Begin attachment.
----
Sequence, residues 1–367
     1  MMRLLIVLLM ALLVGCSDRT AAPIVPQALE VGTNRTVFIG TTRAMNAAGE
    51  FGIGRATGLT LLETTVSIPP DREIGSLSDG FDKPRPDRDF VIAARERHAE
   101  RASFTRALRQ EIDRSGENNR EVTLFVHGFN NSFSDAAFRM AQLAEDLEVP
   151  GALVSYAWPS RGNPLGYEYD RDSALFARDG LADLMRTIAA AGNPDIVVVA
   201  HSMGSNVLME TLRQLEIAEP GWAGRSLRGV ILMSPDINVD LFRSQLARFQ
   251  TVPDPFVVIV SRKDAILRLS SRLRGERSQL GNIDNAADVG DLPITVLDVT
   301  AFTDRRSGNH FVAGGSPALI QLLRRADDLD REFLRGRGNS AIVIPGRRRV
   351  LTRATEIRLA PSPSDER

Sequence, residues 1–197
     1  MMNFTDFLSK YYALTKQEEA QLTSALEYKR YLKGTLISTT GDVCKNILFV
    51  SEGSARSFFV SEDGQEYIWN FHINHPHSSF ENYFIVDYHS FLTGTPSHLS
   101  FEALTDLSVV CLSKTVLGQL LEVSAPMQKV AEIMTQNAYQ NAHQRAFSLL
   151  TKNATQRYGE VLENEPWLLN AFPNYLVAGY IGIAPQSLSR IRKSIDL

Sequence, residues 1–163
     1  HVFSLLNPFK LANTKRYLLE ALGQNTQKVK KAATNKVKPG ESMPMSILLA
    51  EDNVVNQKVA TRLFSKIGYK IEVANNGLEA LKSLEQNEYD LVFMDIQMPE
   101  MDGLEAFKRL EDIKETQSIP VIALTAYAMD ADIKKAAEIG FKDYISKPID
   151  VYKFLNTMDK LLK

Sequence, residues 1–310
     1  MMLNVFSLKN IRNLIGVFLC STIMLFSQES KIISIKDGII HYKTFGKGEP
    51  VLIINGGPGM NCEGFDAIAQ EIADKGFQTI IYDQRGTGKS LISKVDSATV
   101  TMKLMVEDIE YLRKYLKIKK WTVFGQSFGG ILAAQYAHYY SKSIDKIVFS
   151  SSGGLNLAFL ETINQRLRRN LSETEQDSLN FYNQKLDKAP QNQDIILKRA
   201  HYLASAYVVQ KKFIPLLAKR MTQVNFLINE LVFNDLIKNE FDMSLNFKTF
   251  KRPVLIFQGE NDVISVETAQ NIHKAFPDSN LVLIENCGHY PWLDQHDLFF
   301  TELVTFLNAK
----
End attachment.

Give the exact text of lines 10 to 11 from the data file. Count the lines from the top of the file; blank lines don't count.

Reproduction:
Sequence, residues 1–197
     1  MMNFTDFLSK YYALTKQEEA QLTSALEYKR YLKGTLISTT GDVCKNILFV